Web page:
But within all of this backdrop, we seem to have forgotten that international business means business being conducted around the world, internationally. The clue is quite definitely in the name.

Big clouds, big responsibility

Today we know that data can be generated, processed, moved, exchanged and integrated at a massive scale on cloud providers such as AWS, Microsoft Azure, Google Cloud Platform, Alibaba and the other contenders to that four-point crown. For the record, the other smaller players in this space are IBM Cloud (Kyndryl), Oracle Cloud, OVHcloud, Tencent Cloud, DigitalOcean and Linode (owned by Akamai).

From all those cloud providers, we now see sensitive information being processed such as Electronic Patient Records (EPRs), medical formula information, private e-commerce transaction data and so much more besides.

“If we combine the comparatively microeconomic notion of these data workloads on their own with the macroeconomic view of that information collected by cloud services providers in the form of metadata (IP addresses, credentials, logging information and more), then we can see why we need to get to a point of more competent data control.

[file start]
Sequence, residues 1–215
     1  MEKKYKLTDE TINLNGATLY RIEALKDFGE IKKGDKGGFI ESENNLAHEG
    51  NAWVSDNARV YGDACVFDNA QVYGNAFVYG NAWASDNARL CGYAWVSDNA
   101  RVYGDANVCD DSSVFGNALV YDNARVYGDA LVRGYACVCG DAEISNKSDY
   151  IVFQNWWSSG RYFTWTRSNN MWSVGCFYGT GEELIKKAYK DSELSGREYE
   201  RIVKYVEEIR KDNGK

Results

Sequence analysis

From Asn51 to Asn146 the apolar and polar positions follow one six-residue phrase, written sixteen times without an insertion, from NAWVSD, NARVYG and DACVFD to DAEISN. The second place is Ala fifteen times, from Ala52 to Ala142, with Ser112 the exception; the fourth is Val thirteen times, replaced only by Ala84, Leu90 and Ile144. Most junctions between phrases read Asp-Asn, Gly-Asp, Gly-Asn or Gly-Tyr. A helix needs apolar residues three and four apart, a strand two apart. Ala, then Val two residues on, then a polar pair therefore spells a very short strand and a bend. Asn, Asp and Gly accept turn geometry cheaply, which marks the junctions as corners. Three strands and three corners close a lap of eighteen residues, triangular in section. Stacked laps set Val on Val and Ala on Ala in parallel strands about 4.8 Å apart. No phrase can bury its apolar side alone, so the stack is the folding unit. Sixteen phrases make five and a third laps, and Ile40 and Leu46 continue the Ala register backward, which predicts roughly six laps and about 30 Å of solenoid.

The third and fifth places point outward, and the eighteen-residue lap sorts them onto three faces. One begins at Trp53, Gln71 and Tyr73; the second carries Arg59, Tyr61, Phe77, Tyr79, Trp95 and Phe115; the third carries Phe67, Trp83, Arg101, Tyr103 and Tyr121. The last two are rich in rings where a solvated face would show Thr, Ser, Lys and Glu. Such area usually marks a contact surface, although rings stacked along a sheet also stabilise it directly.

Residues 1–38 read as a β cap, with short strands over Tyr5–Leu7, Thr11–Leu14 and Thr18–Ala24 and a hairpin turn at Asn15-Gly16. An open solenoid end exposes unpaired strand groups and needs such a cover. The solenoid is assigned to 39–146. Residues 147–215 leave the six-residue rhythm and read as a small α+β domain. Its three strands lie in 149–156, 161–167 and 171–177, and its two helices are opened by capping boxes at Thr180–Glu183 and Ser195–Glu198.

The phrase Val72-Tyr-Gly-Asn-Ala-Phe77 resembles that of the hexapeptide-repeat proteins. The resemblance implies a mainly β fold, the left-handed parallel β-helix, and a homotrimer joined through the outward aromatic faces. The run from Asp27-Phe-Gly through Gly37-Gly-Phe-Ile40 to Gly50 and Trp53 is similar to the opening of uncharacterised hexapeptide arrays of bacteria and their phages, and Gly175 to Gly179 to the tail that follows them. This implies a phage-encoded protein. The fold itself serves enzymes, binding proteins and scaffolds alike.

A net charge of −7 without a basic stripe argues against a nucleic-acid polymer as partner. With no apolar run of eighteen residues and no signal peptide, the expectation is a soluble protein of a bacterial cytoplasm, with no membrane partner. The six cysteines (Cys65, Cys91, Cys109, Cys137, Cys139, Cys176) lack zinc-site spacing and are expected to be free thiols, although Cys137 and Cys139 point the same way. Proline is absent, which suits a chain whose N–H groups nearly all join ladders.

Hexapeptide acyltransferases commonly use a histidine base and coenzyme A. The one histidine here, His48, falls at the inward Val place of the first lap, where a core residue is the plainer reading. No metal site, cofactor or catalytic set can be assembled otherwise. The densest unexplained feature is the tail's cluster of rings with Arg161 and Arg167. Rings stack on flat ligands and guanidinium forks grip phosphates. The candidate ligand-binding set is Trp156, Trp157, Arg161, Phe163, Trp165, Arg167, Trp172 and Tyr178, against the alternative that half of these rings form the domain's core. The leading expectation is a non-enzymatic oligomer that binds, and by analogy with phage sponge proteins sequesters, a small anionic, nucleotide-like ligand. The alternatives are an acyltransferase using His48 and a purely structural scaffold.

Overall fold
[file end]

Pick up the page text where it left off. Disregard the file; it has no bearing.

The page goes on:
“Even the casual observer and non-data scientist should have established a pretty clear picture of the data imperatives in front of all now. With all these responsibilities to address, we stand today at a point where Europe has a special opportunity to address the need for more data sharing and decentralised data processing being closer to the user,” clarified Tibco’s Chimera.

Actions C-suite execs can take now

Given that data remains at the centre of our digital transformation efforts, what does the Tibco digitalisation strategy team think organisations can do now to address the most pressing areas of concern in data sovereignty?

Chimera provides the three below actions, that can be approached and carried out concurrently and continuously. He advises that the below advisory actions are numbered purely to denote a possibly logical process of sequence.